Holloway Street School was opened on 24 July 1876 for girls and infants. In 1901 it was expanded and in 1902 it became a City Council school. It closed as a Council school in July 1958 and the Roman Catholic School in the Mint occupied the premises. In 1973, the school moved to new premises at Matford Lane and the old school buildings used for various purposes until it became the Kingdom Hall of Jehovah's Witnesses.
In September 1871, a bad stench was reported from the opening into the sewer at the bottom of Holloway Street, by Great Larkbeare House. It had caused several cases of diarrhoea and the Water Company was informed. Then in February 1899 "a portion of the pavement at the bottom of Holloway-street collapsed .... It is surmised that owing to the soaked state of the ground through the late heavy rains the brickwork of a drain fell in. Fortunately no one was passing the spot at the time."
Two people from the street died in the Theatre Royal fire of 1887. Eighteen year old Henry Gange of 17 Holloway Street and 22 year old Thomas Henry Taverner who was a porter were the victims.
The Exeter Diocesan Association for the Care of Girls was founded in 1879 to help girls 'in moral danger', and those involved in 'an immoral way of life'. The headquarters was at 20 Holloway Street, where girls between 13 and 16 years old who had 'lost their character' were taught domestic duties and eventually found work, normally in service. Pregnant girls were cared for at St Olave's Home, Bartholomew Street, and fallen girls were cared for at Friars Walk.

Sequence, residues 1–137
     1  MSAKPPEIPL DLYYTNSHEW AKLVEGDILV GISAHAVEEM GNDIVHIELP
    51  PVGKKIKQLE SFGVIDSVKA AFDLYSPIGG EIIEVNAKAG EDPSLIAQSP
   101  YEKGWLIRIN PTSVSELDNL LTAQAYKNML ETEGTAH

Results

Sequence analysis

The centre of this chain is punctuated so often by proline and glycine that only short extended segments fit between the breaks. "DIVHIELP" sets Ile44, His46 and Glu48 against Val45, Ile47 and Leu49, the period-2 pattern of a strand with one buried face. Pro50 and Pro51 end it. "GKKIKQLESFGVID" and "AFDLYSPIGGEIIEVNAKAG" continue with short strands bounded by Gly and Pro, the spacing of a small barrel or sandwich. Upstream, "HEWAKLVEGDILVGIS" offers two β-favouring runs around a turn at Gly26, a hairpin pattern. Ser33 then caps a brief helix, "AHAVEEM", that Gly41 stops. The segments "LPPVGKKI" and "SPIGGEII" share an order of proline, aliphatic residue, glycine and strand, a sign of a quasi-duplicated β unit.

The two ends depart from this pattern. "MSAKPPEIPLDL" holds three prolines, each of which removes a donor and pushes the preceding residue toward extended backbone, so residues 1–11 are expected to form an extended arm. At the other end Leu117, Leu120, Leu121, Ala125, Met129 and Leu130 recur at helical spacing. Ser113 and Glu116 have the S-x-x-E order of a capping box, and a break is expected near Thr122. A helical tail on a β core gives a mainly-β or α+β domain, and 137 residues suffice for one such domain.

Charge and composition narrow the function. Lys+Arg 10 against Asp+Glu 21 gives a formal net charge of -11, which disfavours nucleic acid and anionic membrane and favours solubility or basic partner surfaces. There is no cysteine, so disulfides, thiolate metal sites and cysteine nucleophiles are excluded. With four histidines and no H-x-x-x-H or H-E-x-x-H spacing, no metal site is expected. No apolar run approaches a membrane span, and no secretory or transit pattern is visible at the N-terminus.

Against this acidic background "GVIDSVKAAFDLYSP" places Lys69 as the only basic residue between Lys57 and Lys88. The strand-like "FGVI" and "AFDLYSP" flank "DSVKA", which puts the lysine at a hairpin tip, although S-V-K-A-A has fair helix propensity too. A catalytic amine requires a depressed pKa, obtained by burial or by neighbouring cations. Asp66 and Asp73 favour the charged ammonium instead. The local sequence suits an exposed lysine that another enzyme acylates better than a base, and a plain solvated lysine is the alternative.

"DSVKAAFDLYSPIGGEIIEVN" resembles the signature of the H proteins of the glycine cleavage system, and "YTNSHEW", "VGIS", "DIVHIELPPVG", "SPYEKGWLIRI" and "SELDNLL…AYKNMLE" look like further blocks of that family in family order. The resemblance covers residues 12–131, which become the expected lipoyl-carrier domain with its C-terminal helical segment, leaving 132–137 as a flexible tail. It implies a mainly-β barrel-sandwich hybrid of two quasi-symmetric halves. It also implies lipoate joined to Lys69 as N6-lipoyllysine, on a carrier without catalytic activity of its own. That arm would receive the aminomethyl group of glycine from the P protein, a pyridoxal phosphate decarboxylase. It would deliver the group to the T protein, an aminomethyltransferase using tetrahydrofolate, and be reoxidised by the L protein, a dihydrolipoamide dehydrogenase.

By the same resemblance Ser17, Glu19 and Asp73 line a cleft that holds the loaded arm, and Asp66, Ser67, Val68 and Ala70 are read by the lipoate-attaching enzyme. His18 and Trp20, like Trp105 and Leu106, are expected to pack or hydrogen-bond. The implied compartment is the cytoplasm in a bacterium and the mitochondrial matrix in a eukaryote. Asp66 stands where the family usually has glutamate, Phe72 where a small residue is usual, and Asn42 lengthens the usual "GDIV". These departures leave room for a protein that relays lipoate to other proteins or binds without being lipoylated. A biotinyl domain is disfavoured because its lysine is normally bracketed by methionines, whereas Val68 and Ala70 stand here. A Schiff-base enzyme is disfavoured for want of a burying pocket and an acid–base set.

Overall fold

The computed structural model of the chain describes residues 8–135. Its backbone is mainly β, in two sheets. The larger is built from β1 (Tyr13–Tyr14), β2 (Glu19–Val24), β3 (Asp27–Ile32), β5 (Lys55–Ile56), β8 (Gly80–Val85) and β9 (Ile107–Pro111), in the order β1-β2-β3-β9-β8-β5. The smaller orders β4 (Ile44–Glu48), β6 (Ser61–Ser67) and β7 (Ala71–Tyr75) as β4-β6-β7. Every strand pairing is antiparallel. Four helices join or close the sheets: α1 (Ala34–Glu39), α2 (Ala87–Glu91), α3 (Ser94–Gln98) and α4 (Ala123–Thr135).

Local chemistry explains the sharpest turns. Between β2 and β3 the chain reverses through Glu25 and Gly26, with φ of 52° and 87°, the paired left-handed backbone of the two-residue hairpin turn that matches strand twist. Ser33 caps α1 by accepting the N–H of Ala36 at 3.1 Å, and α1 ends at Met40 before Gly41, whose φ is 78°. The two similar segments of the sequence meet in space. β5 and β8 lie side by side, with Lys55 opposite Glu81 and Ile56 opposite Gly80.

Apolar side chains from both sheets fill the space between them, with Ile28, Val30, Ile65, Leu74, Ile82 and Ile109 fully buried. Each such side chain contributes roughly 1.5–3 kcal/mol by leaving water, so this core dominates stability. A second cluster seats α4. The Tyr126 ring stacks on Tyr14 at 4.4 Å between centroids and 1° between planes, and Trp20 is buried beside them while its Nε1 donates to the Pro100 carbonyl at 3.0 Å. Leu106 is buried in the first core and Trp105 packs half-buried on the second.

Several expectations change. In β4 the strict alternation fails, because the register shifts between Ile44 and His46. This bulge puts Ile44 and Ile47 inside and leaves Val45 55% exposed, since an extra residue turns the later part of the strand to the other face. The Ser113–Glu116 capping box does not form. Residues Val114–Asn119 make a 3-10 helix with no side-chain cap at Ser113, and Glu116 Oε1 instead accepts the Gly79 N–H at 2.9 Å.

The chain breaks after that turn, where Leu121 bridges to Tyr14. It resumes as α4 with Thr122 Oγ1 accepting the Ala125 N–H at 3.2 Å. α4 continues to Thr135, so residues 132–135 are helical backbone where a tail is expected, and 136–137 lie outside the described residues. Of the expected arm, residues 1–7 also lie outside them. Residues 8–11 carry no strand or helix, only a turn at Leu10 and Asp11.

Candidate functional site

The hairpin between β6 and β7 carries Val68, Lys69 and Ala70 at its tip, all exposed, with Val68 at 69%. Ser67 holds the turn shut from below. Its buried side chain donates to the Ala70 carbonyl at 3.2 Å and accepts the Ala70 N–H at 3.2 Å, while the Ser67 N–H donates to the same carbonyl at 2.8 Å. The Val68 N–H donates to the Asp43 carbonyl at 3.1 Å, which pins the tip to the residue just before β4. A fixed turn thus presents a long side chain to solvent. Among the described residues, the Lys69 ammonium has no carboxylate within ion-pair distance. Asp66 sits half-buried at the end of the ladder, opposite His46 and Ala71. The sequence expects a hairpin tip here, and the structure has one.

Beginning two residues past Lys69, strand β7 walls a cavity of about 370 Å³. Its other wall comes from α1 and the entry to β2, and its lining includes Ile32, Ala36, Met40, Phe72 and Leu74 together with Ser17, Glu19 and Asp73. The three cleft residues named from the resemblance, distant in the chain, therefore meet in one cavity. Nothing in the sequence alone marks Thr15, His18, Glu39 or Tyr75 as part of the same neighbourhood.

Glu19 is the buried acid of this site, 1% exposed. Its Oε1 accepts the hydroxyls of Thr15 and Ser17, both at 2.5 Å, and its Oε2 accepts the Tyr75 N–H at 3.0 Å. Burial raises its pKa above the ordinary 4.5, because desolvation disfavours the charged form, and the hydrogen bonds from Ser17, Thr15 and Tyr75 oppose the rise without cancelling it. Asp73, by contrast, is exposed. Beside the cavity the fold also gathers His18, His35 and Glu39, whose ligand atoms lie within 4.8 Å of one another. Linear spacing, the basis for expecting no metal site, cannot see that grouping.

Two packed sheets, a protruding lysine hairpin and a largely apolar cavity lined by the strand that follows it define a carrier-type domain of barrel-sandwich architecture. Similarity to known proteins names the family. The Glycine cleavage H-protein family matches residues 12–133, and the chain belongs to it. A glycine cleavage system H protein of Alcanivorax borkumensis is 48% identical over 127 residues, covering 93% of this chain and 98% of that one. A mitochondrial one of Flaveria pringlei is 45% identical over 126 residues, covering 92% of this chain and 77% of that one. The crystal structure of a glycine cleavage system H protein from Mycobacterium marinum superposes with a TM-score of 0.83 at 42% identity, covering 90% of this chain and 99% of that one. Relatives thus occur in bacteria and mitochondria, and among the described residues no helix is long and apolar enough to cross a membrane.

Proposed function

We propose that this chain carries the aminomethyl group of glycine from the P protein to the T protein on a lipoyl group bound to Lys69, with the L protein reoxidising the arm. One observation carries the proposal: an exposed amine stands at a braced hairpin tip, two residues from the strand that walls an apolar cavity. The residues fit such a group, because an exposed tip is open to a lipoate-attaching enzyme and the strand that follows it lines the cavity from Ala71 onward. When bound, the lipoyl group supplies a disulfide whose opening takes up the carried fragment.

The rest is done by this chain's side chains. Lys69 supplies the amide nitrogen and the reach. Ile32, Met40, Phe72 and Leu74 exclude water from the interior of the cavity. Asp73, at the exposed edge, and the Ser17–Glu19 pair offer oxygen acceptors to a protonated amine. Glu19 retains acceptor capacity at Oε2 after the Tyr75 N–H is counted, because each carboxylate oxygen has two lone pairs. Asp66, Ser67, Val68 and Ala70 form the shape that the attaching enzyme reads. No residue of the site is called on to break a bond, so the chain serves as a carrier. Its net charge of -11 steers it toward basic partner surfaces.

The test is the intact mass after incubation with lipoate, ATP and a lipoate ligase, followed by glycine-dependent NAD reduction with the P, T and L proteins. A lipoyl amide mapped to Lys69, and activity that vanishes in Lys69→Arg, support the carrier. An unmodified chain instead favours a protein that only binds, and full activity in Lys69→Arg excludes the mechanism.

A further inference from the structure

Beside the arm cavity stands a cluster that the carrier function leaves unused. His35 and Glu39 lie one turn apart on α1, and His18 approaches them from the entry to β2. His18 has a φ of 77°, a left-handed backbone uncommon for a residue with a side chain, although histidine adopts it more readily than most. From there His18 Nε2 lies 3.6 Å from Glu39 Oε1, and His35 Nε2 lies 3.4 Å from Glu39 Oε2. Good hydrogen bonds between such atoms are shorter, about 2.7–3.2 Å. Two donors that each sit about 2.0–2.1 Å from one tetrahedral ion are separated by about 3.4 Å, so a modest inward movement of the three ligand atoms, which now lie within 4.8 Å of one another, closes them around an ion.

Able Seaman, Cyril Edgar
Brook, H.M.S. "Brisk.", Royal Navy. 31 October 1917. Age 32.
Serjeant, Frederick Thomas Hunt, Devonshire Regiment. 4 November 1918. Age 28. Lansdowne Terrace.
Serjeant, Albert John Isaac, Devonshire Regiment. 25 March 1918. Age 37.
Private, Walter James Jeffrey, Royal Army Medical Corps. 26 December 1917. Age 22.
Private, Percy Reynolds, Devonshire Regiment. 9 May 1917. Age 21.
Rifleman, C Landsborough, Rifle Brigade. 19 January 1916.
The last fatal bombing raid on Exeter, was on 30 December 1942. See Bombing Victims for more details. Those killed were:
Christopher Robert Broom,
age 2, 17 Holloway Street
Frederick John Brown, age 9, 17 Holloway Street
Francis Sarah Brown, age 69, 17 Holloway Street
John William Dowling, age 38, 18 Holloway Street
Mary Ann Dymond, age 77 6 Holloway Buildings
Constance Alice Lewis Friendship, Holloway Street
Betty Jeanette McGuigan, age 8 16 Holloway Street
Brian Hugh McGuigan, age 5 16 Holloway Street
Frederick Wallam Treuge, age 59, Holloway Street
June Ann Vanstone, 6 months, 16 Holloway Street,
Winifred Lilian Vanstone, age 25, 16 Holloway Street
George Frederick Vincent, age 60, Holloway Street
William Watson, age 54, Holloway Street
The modern Holloway Street is still steep in places. At the city end, just before the roundabout, on Western Way, can be found the Backpackers Hostel which has on its end wall a large mural to occupy the bored driver as he waits for the lights to change.
Looking down Holloway StreetThis house is one of the last near the Southgate to remain. Photo from 1983, courtesy Dick Passmore.The Year of Architecture mural in Holloway Street.